Hyundai Motor America CMO Dean Evans says, “The Super Bowl is the biggest day in advertising, and following our incredibly successful 2016, we wanted to push the creativity and storytelling even further.” This year Hyundai plans to air a 90-second ad right after the game is over and before the trophy ceremony. The catch is that the spot will be filmed during the actual game, documentary style. There is still little information on what to expect during the spot but condensing the concept and production to embrace real time probably requires it to be not only secret but unfinished. We’ll see!
Intel took a risk by filming a 30-second ad starring Tom Brady before the Patriots had even made it to the Super Bowl. Their leap of faith will now pay off and the brand will gain more attention from Brady’s fans during the spot. We love this example because it leverages the production of more traditional spots but the brand took a big gamble on embedding the event into the creative for some massively topical payoff.
Febreze will definitely attract eyes during their bold spot about the “halftime bathroom break” which is airing in the second quarter. The company has found a comical way to stay relevant during the game and give a friendly reminder that Febreze is there for you, as funny as it sounds. Even a more typically produced spot is working to speak directly to the home audience experience.
It’s a fascinating time in media and advertising. Remember Oreo’s epic tweet during the unexpected power outage of Super Bowl XLVII? That real time moment of cross channel brilliance caused Oreo to be the talk of the event that year. They kicked off this type of thinking by pushing the brand far outside the boundaries of the game screen and set the challenge to brands to make a memorable impact during the Super Bowl for years to come.
Emily Mondloch
Market Research and Insights
Jeff Smack
Director of Interactive Media

December 5, 2016

Patagonia Boosts Black Friday Values

Earlier this fall, Patagonia committed to donating 100% of its Black Friday revenue to grassroots environmental groups. They originally projected to net $2 million in revenue, but donating proceeds stirred up a lot more interest than they forecasted.

The company is an environmentally focused, for-profit, B Corp. This means they contribute in various ways to address public concerns around the environment and sustainability. They are a member of 1% for the Planet year round. This approach to Black Friday pushed the emphasis of their year-round, evergreen sustainability position into added incentive for the customer and added equity for their corporate values.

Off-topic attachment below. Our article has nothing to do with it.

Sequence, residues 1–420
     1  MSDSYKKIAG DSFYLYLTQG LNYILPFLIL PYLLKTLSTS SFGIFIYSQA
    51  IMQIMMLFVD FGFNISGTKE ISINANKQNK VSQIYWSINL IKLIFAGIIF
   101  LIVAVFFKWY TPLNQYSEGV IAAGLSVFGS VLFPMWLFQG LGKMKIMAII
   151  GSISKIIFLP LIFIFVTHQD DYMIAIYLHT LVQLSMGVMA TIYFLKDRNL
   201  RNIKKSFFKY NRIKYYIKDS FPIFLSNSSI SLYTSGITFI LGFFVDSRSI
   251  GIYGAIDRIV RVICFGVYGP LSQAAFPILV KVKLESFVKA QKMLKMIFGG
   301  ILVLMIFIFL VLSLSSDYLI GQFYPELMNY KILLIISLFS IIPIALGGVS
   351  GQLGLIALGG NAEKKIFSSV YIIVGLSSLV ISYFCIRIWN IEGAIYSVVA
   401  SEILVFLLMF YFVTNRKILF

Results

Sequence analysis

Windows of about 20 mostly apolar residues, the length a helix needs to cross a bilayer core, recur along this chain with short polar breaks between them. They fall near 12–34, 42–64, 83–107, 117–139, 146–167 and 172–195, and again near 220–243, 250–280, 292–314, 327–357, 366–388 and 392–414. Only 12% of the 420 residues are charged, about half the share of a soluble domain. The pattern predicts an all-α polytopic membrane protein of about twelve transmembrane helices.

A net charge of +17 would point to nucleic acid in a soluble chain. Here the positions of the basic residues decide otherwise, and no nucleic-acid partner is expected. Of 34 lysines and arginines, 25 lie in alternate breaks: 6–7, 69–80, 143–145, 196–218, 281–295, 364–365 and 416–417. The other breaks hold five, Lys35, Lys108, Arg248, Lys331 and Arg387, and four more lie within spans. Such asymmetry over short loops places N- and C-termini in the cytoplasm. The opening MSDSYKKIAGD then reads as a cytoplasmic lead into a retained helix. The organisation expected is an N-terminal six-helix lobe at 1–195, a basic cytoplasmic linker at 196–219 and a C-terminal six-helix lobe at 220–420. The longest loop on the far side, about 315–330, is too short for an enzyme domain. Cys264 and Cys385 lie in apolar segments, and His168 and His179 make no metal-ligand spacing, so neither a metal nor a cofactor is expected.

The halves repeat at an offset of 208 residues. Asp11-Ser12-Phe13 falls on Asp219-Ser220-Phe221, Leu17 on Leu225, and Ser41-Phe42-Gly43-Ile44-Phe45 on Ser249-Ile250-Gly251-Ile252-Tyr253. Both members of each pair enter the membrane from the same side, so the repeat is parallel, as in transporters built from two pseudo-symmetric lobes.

Read more

November 7, 2016

There's More Content Than Time to Absorb It

There's more content than time to absorb it. That's why algorithms are useful. They anticipate what we want to see.

In Facebook’s own words: “News Feed is designed to show each person on Facebook the content that’s most relevant to them.”

When striving to reach an audience in the Facebook newsfeed, relevance is key. Organic audience interest is usually not enough to earn exposure within campaign timelines. So paid advertising with great targeting options are a nice and effective way to get a message through.

A few years ago Facebook made a change that dramatically hampered the organic reach of business pages. Small businesses and social media marketers were in an uproar.  From that point on, businesses essentially had to pay to be seen at all.

The idea was to prioritize organic interest of the audience over the promotional agenda of the post and to better serve all users in the process. In effect, this forced more businesses into the advertising platform where they’re led to specify an audience and a campaign goal. Much better for all parties than shouting into a crowd.

This change served the advertiser and the audience. It put small businesses in check, keeping them from saturating feeds with overly salesy come-ons that the audience won’t value. It channeled marketers of all kinds into affordable ad channels and challenged them to create engaging content to overcome the more limited organic reach. Facebook made a pretty good explanation at the time.

However, the clamp down on organic reach continues today and there's no shortage of advertisers to bid for the inventory. As a result, I’m noticing a lack of welcome organic content in my own feed and over-saturation of ads that I don’t appreciate. I am finding more often that I never see posts from pages that I truly care about. I am also discovering that I already like pages I didn’t know I was following because I never see their content.

“I already like this page? Where’s it been?"

You can set notifications for desired content but that’s getting just a bit too manual for my taste. I don’t need more little red highlights calling for my attention. I do want a better experience and a more relevant newsfeed.

There is another downside to the lack of the content I’ve opted-in to receive: It makes more room for “swagvertising” ads. The biggest offenders in my feed are these really subpar t-shirt pages blindly calling out things I love like mountain biking, running, beer or deceased musicians like Pete Seeger, Bob Marley and J Dilla. Landmark artists whose names have been reduced to a merchandise license in this context. These ads are defensibly “relevant to my interests” and probably return a profit, but I use them to illustrate a point. These businesses are missing the mark by targeting me.